-- Robert Preidt
FRIDAY, Nov. 8 (HealthDay News) -- People with diets that
promote inflammation -- such as those high in sugar and saturated
fats -- are at increased risk for early death from all causes,
including gastrointestinal tract cancers, a new study suggests.
Gastrointestinal tract cancers include cancers of the esophagus,
stomach, colon and rectum.
"Studies have shown that diet can modify inflammation, and inflammation can drive the growth of many cancers, such as colorectal cancer," study co-author Susan Steck, an associate professor at the University of South Carolina, said in a news release from the American Institute for Cancer Research.
This new study included more than 10,500 people who were
followed from 1987 through 2003. By the end of that time, more than
250 of the participants had died, including 30 from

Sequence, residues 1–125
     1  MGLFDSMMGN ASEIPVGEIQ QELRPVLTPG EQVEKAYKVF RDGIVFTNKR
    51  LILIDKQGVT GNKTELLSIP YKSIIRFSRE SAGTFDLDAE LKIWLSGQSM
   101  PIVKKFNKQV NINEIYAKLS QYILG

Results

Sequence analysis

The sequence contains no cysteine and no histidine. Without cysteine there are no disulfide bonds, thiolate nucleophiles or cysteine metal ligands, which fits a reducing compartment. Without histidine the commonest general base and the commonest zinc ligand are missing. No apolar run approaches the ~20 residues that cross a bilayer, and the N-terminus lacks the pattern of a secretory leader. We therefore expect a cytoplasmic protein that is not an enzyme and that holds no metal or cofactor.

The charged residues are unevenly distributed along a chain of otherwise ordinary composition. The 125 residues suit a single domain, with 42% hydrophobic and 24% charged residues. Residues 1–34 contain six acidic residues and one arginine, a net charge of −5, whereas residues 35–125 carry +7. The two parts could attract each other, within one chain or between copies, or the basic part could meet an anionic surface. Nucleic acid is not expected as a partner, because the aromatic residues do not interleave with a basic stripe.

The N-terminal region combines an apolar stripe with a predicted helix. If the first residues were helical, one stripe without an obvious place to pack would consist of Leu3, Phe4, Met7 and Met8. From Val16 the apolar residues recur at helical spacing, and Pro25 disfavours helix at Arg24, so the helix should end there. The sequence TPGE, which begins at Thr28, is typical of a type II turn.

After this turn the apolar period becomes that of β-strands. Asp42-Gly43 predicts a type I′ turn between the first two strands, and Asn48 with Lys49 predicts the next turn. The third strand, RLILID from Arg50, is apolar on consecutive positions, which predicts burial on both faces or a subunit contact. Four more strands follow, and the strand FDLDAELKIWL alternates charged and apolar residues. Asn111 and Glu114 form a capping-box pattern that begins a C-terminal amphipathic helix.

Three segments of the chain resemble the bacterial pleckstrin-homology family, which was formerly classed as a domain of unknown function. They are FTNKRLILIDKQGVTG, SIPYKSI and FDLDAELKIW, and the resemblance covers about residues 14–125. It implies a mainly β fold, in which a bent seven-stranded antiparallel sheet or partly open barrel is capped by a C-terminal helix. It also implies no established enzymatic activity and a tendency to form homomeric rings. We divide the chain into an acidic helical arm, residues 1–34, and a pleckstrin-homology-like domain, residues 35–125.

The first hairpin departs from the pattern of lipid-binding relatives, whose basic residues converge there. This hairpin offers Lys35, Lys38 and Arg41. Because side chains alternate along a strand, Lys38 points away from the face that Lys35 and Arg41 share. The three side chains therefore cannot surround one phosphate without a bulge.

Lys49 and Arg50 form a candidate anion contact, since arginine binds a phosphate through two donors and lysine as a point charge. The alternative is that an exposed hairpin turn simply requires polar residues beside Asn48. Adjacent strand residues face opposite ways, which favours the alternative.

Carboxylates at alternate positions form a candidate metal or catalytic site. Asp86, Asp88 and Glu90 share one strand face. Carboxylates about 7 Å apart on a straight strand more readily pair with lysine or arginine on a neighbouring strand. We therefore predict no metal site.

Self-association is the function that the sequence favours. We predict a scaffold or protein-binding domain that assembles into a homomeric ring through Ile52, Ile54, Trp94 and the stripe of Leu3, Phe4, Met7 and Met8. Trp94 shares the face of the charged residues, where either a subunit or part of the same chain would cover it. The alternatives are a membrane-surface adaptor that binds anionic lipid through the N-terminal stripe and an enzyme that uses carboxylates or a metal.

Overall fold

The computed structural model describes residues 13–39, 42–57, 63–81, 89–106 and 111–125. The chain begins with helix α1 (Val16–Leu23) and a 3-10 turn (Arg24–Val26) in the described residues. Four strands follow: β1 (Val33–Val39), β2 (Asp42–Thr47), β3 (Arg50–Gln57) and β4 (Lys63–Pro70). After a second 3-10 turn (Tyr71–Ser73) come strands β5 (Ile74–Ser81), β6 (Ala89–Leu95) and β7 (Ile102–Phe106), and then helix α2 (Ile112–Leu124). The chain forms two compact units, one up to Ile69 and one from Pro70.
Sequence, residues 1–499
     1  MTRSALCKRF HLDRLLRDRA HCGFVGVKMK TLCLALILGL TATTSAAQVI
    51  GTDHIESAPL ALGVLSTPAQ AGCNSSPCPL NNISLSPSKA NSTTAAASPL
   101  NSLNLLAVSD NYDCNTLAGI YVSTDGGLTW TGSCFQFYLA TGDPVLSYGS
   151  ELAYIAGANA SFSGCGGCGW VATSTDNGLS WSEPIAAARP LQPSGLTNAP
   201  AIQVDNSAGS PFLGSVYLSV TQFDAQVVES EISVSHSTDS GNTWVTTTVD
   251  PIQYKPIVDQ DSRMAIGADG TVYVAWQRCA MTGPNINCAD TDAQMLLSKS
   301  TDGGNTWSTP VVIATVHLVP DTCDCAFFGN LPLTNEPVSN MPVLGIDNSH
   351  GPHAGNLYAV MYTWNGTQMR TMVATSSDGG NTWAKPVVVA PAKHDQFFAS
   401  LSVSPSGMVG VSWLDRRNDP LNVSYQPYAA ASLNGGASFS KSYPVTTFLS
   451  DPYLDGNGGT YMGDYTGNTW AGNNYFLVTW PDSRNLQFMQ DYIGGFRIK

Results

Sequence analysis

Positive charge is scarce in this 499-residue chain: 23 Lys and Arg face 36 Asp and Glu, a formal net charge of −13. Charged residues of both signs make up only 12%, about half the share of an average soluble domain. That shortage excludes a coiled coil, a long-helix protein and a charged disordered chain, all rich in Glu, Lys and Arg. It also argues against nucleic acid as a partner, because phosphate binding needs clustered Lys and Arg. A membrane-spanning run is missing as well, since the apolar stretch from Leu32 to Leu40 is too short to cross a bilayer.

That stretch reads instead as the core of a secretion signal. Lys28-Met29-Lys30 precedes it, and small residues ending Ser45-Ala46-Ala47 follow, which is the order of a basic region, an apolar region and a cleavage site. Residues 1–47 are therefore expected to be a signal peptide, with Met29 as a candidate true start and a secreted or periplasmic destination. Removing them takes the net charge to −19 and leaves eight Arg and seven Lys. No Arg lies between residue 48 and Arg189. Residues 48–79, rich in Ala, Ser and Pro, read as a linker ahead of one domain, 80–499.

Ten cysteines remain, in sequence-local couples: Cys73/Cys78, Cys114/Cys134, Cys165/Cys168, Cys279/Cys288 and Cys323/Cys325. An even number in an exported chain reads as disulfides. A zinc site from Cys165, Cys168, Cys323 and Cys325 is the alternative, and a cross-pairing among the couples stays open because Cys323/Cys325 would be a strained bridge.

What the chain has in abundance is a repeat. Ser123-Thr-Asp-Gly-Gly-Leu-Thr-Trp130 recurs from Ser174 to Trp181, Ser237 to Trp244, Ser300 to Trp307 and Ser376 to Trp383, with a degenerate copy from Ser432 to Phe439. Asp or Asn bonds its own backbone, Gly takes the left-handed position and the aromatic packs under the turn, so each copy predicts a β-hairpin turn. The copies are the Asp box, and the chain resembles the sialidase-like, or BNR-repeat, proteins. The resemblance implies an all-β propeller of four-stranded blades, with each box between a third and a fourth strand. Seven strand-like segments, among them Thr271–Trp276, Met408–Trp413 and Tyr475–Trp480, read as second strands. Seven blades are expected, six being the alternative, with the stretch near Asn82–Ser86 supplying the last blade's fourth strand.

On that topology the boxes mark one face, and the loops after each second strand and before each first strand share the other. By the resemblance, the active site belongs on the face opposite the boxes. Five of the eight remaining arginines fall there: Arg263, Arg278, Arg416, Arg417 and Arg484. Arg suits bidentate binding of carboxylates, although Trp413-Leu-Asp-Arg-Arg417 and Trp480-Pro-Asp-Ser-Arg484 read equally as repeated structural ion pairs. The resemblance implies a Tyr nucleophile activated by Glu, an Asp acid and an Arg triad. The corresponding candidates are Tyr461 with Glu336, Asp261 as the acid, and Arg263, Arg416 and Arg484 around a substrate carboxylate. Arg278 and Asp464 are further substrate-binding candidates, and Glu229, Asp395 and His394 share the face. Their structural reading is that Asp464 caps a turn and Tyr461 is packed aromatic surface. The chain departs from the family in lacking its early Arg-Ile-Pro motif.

gastrointestinal tract cancers.
Those with diets most strongly associated with inflammation were
53 percent more likely to die early from all causes than those with
the most anti-inflammatory diets. The risk of death from
gastrointestinal tract cancers was four times higher among people
with diets most likely to cause inflammation than among those with
the most anti-inflammatory diets, such as plant-based diets.
The findings were presented Nov. 7 at the annual meeting of the
American Institute for Cancer Research, in Bethesda, Md. The data
and conclusions of the study should be viewed as preliminary until
published in a peer-reviewed journal.
"This study adds support to the recommendations to consume a more anti-inflammatory diet, rich in plant-based foods that contain numerous anti-inflammatory nutrients and phytochemicals," study lead author Fred Tabung, a doctoral candidate in epidemiology at the University of South Carolina, said in the news release.
"Due to the small number of gastrointestinal tract cancers in our study, our finding needs to be confirmed in larger ... studies," Tabung said.
This research also showed only an association between
inflammation-associated diets and risk of early death. It did not
necessarily prove a cause-and-effect link.
The American Cancer Society explains lifestyle choices that can
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